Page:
For example, you may use a scooter due to spasticity in your legs and worry about accessibility issues in your community. Or you may suffer from MS-related speech problems and avoid social situations because of it. 

    Still, others may suffer from "invisible" symptoms including fatigue, pain, depression, or uncomfortable parethesias—symptoms that are not as visibly apparent to others as, say, walking or speech problems.

    Whatever it is, acknowledging your own MS struggles and accepting your limitations is a critical first step to becoming your own advocate. That said, being your own advocate can be difficult.

    For example, maybe you deal with MS-related fatigue that robs you of the precious energy you need to take care of your children and work, creating feelings of frustration and vulnerability. Healthy coping strategies can drastically minimize that fatigue, but taking action to conserve your energy is important too. That means sometimes declining social or family gatherings so you can rest.

    At times others may not understand you fatigue and its implications—and that's OK. They need to adjust to and learn to accept your disease just as much as you do.

    Learn to listen to your own body and trust your instincts. Be kind to yourself and proactive in your care first—others will likely follow. It's also always a good idea to seek guidance from your MS health team about navigating the social and emotional consequences of your MS symptoms.

    For Loved Ones of Those With MS

    Whether you are the primary caregiver of a person with MS, or more peripherally involved in a loved one's day-to-day life, you are part of their MS journey. This can be challenging, especially as you long to ease your loved one's symptoms and/or worry about his or her future.

    The good news is that there are ways to help loved ones with MS, whether they are newly diagnosed, experiencing a relapse, or simply having a bad day. For instance, speaking with empathy is a great way to make your loved one feel better. Examples of statements of empathy are, "I'm so sorry you are going through this" or "I see you are in a lot of pain today."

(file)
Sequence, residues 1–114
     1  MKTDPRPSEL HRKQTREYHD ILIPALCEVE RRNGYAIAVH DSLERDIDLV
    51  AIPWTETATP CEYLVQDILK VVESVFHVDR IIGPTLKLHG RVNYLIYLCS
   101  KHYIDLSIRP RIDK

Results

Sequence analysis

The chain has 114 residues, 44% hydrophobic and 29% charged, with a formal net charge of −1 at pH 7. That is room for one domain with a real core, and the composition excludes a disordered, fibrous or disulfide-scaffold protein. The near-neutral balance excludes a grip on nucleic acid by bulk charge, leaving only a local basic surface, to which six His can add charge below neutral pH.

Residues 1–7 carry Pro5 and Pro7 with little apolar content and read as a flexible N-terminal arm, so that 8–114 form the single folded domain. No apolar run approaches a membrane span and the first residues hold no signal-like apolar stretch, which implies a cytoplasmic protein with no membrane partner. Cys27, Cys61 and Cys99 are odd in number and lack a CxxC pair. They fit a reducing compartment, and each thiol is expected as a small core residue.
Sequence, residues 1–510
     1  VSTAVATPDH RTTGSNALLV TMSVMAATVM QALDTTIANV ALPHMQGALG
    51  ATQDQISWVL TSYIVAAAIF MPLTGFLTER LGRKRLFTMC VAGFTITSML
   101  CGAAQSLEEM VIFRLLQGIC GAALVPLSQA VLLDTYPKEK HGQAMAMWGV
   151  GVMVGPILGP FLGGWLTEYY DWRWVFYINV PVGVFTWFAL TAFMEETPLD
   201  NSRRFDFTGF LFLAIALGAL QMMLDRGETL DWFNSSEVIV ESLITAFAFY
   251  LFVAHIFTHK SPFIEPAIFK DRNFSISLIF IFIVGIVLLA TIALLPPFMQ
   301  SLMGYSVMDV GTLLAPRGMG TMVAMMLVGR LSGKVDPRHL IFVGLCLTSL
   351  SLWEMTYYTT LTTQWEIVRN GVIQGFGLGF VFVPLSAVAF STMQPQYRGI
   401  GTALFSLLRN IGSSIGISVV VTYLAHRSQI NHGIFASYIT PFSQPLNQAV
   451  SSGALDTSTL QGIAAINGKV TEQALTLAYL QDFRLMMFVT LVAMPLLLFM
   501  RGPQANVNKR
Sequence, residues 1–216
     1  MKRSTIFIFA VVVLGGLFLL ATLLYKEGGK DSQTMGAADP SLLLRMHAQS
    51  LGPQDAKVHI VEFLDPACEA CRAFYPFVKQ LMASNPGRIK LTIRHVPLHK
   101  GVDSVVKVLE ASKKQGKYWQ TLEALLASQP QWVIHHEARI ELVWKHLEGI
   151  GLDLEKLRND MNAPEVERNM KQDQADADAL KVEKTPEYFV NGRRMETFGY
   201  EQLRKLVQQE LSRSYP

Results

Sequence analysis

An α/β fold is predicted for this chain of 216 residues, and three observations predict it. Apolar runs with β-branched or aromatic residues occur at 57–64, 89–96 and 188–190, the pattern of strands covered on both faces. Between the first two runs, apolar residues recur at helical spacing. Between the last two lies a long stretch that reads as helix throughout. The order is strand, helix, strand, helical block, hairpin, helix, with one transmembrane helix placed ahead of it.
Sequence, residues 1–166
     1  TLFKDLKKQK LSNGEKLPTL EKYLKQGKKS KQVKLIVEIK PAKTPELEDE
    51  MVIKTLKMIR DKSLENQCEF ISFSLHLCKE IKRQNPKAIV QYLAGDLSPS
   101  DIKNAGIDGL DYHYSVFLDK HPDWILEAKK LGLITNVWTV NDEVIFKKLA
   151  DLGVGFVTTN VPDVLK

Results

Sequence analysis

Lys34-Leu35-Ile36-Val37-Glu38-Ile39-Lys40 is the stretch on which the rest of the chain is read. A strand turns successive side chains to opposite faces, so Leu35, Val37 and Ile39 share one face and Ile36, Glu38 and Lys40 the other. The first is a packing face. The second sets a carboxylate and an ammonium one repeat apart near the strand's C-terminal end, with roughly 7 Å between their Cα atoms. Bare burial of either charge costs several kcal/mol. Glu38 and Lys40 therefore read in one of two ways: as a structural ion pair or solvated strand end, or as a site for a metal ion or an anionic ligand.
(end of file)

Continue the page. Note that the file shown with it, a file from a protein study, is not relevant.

It's important to understand that your loved one with MS does not expect you to fix unpleasant symptoms or cure his or her disease. Knowing that someone is listening and cares—that they are not alone in their physical or emotional discomfort—is what's most important. A simple hug or a listening ear goes a long way.

    As a loved one with MS, you need to remember to care for yourself too, especially if you are a caretaker or partner. You also have physical and psychological needs, and require rest, relaxation, and an emotional outlet (like a support group or friend) to discuss worries and get your mind off MS.

    A Word From Verywell

    With knowledge, engaging in healthy lifestyle habits, personal advocacy, and help from others, you can feel and be well living with MS. Remember, your MS is a slice of your life, but not the whole pie.


    Büssing A et al. Experience of gratitude, awe and beauty in life among patients with multiple sclerosis and psychiatric disorders. Health Qual Life Outcomes. 2014;12:63.Health Qual Life Outcomes. 2014;12:63.

    Hadgkiss EJ, Jelinek GA, Weiland TJ, Pereira NG, March CH, van der Meer DM. The association of diet with quality of life, disability, and relapse rate in ana international sample of people with multiple sclerosis. Nutr Neurosci. 2015 Apr;18(3):125-36.

    Moti RW, Pilutti LA. Is physical exercise a multiple sclerosis disease modifying treatment? Expert Rev Neurother. 2016 Aug;16(8):951-60.

    More from Verywell in Living With MS

    Learn more about Multiple Sclerosis